Wednesday, October 22, 2008

I have been doing some thinking lately. I have been exploring some things. I'm nineteen. I'm a sophomore or something in college. I don't feel the need to stay in one place at one time. I want to travel, I want to change, I want to think, I want to look at every bit of art I can and I want to shoot everything in front of me.

Flickr has been a huge resource since I started uploading. It's formed a community of young photographers that I believe is the next generation of talent. I see so much talent around me. The internet is a truly baffling topic I think about every day. How is the internet forming communities of artists? How is the internet numbing and disenchanting the tangible side of photography? How has accessibility to text and visuals in every realm of photography positively/negatively affected photography? I'm interested in pursuing projects focused on tangibility. I want to produce work people can touch, open, check for errors with their own eyes.

At this age I can only speak for today because tomorrow could be a completely different emotion. But with all of this amazing work going on around me I can't even comprehend wanting to upload my own work to Flickr. This could certainly be the product of a "slump" in my photography. But I sit at my computer eager to find my acquaintances new work. I read blogs. I criticize and fall in love with images. Then I take that and run. I am producing work.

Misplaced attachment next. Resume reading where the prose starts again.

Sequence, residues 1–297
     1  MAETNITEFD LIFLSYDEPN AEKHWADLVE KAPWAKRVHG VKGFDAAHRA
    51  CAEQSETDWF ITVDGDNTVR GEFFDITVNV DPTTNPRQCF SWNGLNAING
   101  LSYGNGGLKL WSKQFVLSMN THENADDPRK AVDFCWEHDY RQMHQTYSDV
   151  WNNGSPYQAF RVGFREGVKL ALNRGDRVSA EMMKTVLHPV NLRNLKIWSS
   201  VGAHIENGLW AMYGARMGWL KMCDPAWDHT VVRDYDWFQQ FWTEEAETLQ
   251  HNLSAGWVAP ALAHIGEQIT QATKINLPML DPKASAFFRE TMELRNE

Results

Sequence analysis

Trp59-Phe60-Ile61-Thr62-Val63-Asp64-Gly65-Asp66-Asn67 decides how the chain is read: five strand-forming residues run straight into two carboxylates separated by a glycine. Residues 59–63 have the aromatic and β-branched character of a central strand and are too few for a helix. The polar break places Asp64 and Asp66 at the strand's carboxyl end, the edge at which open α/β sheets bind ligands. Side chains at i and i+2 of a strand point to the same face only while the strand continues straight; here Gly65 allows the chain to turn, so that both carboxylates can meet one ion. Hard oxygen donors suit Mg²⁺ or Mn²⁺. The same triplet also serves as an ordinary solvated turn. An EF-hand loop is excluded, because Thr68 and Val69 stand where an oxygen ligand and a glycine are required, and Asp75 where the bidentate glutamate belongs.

My sister told me that Sally Mann photographed all summer so that she could be in the darkroom all of winter. I imagine that is partly because of her second job as a mother but I think it's valid in many other ways. Showing that producing work for long periods of time and then doing post-process at another point can allow you to focus on one thing at a time. I will say that not everyone could work like that but I really address with that workflow. Now I understand that it makes a lot more sense for Sally Mann to do this than myself. But I admire her patience she has grown throughout using the large format camera and wet plate.

Here is something I think about. I look at photographers who are established. They have bodies of work spanning years. That is incredible. Why does it feel like a two month project is the longest time ever? Do I have no patience?